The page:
Liophryne miniafia differs from other local Liophryne by the combination of not having vocal slits, a single note call, and calling from burrows. Liophryne miniafia is larger than L. allisoni, L. dentate, L. magnitympanum, and L. schlaginhaufeni but smaller than L. rhododactyla, L. similis; it is similar in size to L. rubra. Liophryne miniafia is the most likely to be confused with L. schlaginhaufeni, but they differ by L. miniafia having a shorter snout, no vocal slits, a indistinct or missing tubercle on the heal, and a low frequency single-note call. Further species differentiations are listed below. From L. allisoni, L. miniafia can be differentiated by having a defined tympanum and single-note call of lower frequency. From L. dentate, L. miniafia can be differentiated by having an acute canthus rostralis, almost perpendicular loreal region, a straight postocular fold, and irises that are brown in the lower half. From L. magnitympanum, it can be differentiated by having lower frequency and quicker pulsed calls. From L. rhododactyla, it can differentiated by having a larger (both in width and length) snout, wider finger discs, no vocal slits, and having a lower frequency, pulsed call. From L. rubra, L. miniafia can be differentiated by having dorsal ridges on the body and hindlimbs, brown spotted-patterning on the chin and throat, and a back of brown to orange-brown coloring. From L. similis, L. miniafia can be differentiated by having longer legs, broader snout, wider discs on the toes, a venter with pale background and brown spots, and a single-pulsed note call (Kraus 2014).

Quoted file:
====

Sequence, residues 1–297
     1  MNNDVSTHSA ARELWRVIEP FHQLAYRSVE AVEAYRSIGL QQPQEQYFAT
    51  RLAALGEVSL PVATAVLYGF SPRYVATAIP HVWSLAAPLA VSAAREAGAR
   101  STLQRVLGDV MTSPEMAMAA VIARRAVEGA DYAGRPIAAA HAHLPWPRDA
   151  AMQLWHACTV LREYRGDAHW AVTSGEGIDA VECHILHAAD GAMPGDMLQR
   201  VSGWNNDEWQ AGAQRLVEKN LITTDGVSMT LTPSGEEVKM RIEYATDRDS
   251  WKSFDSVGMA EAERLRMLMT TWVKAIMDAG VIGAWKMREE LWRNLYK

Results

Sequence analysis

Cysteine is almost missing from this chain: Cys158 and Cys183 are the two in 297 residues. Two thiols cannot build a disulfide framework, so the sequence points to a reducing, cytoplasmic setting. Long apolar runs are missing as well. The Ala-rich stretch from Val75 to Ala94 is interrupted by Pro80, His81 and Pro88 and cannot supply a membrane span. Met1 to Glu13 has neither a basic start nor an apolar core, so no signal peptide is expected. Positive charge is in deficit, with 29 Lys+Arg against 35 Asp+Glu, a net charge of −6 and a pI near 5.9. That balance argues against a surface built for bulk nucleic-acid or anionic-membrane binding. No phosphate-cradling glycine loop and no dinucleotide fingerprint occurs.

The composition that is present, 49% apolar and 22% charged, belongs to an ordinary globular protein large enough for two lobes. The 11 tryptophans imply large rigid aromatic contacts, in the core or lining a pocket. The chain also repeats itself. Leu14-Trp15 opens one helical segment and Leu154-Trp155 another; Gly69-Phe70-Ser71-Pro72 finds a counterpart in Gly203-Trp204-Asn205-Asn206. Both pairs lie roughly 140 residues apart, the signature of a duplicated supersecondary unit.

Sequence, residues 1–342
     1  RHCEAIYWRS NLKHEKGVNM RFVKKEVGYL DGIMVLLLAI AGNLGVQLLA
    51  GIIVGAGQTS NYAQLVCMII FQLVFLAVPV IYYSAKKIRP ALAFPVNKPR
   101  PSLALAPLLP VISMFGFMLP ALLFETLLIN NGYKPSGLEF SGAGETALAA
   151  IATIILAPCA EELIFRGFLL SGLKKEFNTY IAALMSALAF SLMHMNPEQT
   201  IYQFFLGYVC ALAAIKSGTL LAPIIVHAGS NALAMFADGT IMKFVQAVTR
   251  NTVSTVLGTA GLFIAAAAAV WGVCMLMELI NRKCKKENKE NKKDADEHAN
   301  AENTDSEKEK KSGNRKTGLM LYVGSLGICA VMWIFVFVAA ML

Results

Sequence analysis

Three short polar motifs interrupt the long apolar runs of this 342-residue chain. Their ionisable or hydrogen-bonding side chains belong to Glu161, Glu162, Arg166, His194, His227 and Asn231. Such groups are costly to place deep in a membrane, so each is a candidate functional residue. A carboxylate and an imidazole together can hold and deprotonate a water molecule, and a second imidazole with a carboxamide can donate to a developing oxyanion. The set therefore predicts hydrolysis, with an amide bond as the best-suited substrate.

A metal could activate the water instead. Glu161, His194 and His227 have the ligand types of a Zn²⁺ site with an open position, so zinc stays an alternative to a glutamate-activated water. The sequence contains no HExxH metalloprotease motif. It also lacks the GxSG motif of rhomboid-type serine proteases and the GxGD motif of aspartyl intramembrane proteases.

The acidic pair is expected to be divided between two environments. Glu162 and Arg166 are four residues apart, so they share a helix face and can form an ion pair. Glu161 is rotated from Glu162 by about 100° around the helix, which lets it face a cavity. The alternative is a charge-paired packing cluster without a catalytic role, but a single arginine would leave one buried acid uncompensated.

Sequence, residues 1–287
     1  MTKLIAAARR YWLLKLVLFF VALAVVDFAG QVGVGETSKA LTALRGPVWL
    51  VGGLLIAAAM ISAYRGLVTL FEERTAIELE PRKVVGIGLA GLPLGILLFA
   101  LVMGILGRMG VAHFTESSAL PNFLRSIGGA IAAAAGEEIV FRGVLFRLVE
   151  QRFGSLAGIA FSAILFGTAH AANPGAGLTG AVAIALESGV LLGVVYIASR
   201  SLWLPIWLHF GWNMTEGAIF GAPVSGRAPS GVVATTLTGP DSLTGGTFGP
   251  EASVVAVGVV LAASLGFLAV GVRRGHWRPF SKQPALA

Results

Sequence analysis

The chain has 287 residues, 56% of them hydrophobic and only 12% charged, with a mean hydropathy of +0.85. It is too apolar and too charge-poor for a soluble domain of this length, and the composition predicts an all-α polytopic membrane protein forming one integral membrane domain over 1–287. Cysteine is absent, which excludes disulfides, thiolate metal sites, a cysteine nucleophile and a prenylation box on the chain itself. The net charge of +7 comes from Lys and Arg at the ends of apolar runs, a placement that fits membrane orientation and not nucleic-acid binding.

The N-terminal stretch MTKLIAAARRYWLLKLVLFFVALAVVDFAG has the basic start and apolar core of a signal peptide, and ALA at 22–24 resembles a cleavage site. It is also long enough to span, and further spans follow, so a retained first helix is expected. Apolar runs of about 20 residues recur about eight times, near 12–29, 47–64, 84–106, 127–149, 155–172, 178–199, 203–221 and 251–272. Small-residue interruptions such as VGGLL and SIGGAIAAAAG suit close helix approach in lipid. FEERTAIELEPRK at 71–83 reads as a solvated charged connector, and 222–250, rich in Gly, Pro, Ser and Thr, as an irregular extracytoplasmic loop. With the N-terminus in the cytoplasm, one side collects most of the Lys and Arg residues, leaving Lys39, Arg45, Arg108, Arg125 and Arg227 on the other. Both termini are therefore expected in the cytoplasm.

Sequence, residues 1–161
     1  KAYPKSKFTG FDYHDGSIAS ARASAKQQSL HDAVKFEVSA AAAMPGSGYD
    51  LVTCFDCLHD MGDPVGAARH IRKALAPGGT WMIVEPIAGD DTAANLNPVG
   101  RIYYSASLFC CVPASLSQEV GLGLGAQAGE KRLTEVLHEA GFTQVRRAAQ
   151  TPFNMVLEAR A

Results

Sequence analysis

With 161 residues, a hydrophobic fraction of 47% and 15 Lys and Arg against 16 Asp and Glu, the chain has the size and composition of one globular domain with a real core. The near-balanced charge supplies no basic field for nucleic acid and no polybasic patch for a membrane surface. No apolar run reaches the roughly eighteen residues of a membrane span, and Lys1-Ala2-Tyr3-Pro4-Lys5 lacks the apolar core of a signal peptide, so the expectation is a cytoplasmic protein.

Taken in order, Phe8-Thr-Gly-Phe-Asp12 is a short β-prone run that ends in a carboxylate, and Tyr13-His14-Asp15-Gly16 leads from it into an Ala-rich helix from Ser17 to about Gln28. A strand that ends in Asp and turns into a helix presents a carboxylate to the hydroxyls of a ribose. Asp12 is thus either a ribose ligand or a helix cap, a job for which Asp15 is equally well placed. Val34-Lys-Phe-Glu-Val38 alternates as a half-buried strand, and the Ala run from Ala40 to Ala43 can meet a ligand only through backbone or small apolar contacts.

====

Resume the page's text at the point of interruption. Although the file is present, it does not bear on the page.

In life, Liophryne miniafia has a dark brown face that lightens around the lip. There is a dark brown strip that leads from the eye to the equally dark brown tympanum. A curved line of lighter brown that wraps clockwise over the tympanum separates the brown strip and brown of the face. The internarial region, lorael region, and dorsum are uniform in color, which varies from brown to yellow or ochre and can be blotched with tan markings. The legs have thin dark-brown bars across the dorsal surface. The throat, chin, and ventral side of thighs have a dark gray background speckled with pale-gray markings. The thighs have a dark brown spot on the rear underside of the thighs. The ventral side of the shanks and groin range from red to orange. The irises are brown and contain a metallic green luster. When preserved, the dorsum becomes a uniform medium brown and circular pale yellow markings become indistinctly visible on the lumbar region. The face remains a darker brown to the tympanum. The venter remains more lightly colored and meets the darker dorsum coloring along the dorsolateral skin folds, ending at the insertion of the forearm. Between the eyes and the tympanums is a small paler brown patch. Leg bands are retained with the rear of the thigh becoming a lighter brown from above and dark brown below. Both forearms have a poorly defined dark brown spot and fingers and toes also have small irregular dark brown spots that concentrate at the tips. The background color of the ventrum is pale yellow and the markings on the throat, chin, and under legs darken to a dark brown. There are no markings on the abdomen. The palms and soles of the feet are dark brown. The irises become dark brown with brass colored speckles (Kraus 2014).